Posts Tagged With: Automation

More than just Design Realisation…

Check out this amazing video from our friends in Theatre Technology.  This was a Video Mapping and Automation display showing off the facilities in our new Milton Court Theatre during our gala opening of the new building last year.  The set used here was from our production of  Three Sisters (the first in our new theatre!) and showcases a lot of hard work from staff and students in the Scenic Construction and Scenic Art Department here in Design Realisation.

Want to know how we made it? Here’s are the blog posts showing you how we made the curved steel sections for the window, putting the window section together in the paintshop and installing the window in the Milton Court Theatre

You can see from the dates of the posts that the whole production was an on-going project for nearly a year so it is so nice to have such a brilliant video showing it off in all its glory, beautifully edited by the folks in Theatre Technology!

For more information out our Theatre Technology Pathway, check out their blog here.

For more information about our Stage Management Pathway, check out their blog here.

Also if you want to find out more about our prop making department here at the Guildhall School, head on over to propmakingdotcom   for a more in-depth look at prop making techniques and processes.  Pat Shammon (our Props Lecturer) has just shared an interesting post about our 3D printer which is well worth a read!


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First look at Three Sisters in Milton Court…

Well the summer holidays are in full swing, the design realisation students and the rest of the technical theatre cohort have once again dispersed across the country- and the world! Back to their families, re-charging their batteries and getting ready for their next year at the Guildhall School…

Most of the staff are also taking time out too, a well deserved break for everyone!  That said, it didn’t quite stop for some of the technical theatre staff at the end of the summer term as we were getting ready for our next big production of Chekhov’s Three Sisters- our first production which will take place in our amazing new venue, the Milton Court Theatre in our new building.  The show, which will open in October is going to be something of a spectacle with a wonderful set designed by Libby Watson.  The set (and the theatre!) presents many challenges for the design realisation staff and indeed the rest of the technical staff at the Guildhall School because it has a fully automated flying system which is very different to the counterweight flying system installed in the Silk Street Theatre.  The fully automated system is an amazing step forward for our department; not only does it allow us to be more creative, flexible and safe with the way we manipulate scenery in the new venue, it also means that we are at the very tip of cutting edge with concerns to the technology we are using in the theatre and of course what we are able to present to our students.  The ability for our students to learn how to use automated flying systems in Milton Court as well as maintaining training of counterweight flying in Silk Street is essential and as usual means that our students are kept up to date with new and emerging technologies within technical theatre.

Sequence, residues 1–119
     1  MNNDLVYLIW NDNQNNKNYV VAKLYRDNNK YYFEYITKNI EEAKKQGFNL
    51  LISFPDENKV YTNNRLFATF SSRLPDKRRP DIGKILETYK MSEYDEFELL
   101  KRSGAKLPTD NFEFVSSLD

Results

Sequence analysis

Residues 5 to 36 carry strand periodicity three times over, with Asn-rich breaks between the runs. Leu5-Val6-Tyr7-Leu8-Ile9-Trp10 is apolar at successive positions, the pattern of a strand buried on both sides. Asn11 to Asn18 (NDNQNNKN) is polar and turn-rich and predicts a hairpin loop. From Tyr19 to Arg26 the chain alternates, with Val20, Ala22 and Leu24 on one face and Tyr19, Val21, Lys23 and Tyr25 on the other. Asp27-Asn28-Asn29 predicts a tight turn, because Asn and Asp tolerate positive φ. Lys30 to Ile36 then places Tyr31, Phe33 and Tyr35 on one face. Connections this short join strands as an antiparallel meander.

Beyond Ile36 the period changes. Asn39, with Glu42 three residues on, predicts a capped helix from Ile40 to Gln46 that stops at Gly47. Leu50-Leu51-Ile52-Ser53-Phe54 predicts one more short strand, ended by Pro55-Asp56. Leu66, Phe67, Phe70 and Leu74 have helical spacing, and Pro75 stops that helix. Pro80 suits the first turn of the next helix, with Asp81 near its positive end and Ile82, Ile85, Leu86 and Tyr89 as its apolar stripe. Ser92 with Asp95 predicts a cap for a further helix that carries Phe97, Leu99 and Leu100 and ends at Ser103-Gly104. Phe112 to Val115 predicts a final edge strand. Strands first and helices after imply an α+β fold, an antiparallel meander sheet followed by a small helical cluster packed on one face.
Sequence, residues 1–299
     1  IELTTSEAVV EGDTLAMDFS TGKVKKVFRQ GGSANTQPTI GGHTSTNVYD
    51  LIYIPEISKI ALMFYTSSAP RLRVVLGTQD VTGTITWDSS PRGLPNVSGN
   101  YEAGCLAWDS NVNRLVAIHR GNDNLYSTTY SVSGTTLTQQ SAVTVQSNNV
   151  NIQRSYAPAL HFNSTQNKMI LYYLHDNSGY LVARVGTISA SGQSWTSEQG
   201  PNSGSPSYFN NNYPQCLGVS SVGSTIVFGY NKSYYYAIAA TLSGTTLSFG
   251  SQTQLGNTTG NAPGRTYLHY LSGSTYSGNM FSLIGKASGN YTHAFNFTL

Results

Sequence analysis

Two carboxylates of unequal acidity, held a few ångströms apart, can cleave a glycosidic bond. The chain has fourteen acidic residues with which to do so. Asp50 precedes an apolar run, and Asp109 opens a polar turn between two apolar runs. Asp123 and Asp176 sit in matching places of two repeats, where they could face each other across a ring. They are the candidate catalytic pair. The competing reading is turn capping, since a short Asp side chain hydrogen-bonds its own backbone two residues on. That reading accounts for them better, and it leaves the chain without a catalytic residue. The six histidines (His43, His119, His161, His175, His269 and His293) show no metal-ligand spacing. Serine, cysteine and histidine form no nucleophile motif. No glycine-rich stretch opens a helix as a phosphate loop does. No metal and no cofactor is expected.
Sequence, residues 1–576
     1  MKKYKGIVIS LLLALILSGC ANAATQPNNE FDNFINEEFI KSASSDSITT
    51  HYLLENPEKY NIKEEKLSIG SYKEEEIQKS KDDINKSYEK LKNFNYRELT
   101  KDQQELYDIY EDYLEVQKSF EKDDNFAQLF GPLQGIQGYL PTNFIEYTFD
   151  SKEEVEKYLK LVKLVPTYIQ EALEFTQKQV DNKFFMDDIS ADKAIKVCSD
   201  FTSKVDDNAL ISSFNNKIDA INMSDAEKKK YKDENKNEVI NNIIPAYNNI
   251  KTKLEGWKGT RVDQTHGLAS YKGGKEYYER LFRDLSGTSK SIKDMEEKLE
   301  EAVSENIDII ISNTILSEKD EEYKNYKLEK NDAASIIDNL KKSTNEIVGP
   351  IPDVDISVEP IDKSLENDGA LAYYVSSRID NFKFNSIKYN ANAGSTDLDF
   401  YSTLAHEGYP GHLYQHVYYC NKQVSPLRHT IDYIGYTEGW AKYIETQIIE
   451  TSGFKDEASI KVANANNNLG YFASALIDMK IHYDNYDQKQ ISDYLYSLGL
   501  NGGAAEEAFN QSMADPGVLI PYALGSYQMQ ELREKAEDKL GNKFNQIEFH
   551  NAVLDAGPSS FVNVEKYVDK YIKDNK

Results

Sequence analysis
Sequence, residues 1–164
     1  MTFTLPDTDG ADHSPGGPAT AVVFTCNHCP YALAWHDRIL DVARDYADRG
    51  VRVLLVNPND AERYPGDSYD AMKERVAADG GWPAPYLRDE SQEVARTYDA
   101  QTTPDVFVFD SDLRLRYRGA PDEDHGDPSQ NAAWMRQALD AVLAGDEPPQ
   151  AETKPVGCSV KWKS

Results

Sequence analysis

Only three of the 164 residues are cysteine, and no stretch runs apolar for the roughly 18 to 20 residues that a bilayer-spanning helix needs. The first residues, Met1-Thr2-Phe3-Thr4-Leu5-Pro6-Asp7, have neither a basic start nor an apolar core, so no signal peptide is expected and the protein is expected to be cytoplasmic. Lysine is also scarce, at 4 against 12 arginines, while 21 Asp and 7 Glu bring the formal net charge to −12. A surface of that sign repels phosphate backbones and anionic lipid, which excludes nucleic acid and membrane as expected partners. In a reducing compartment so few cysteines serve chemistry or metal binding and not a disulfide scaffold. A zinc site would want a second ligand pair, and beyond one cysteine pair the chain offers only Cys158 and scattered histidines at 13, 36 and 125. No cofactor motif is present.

But of course, the staff have to get the grips of it all first…

During the first two weeks of the holidays some of the technical theatre staff were in the new Milton Court theatre fitting up the Three Sisters set.  It’s a massive learning curve for the staff too but here’s how we got on…

As you can see it’s looking pretty good!  The ceiling is designed so that at various stages in the show it is positioned in different places.  The ceiling goes from horizontal, to at an angle and to vertical so that it can fly out completely.  The use of automation means that the whole process is completed fluid and smooth.  The rigging of the ceiling is also quite an interesting process as it has been constructed in such a way that the huge section takes up as little room as possible when flown out but also has the ability to create an amazing ceiling over the space.  This was achieved by the use of 3 pulleys which were mounted onto specially welded  brackets that straddle bars 13 and 15 to make them one unit.  The upstage edge of the ceiling is supported by the pickups from the upstage bar.  The downstage edge of the ceiling has pick ups from hoists in the grid that run through the pulleys and onto the downstage of the ceiling.  This means that the ceiling is fully supported but by the pulleys offsetting the hoists, the whole mechanism is kept with the tight constrains of three bars width on stage.

Here is a drawing of the ceiling section showing all of the calculations for the movement of the ceiling and also another huge set piece; the bi-fold doors.  There is also a picture of a mock-up model that was made to design the mechanism for the ceiling.

And if that doesn’t make any sense…maybe this will show you what we’ve achieved…

As you can see we’ve been busy and that isn’t all!  The scenic art team spent a week painting the remaining set pieces and the back wall and bi-fold doors of the set have been fitted up.  I’m not going to post any photos yet, we have to save something until September!  Hope you are as excited about our new theatre as we are…

Don’t forget to follow us on Twitter @DRealisation, like us on Facebook, follow us on Pinterest and watch videos on YouTube…all a work in progress but so is everything in Design Realisation!

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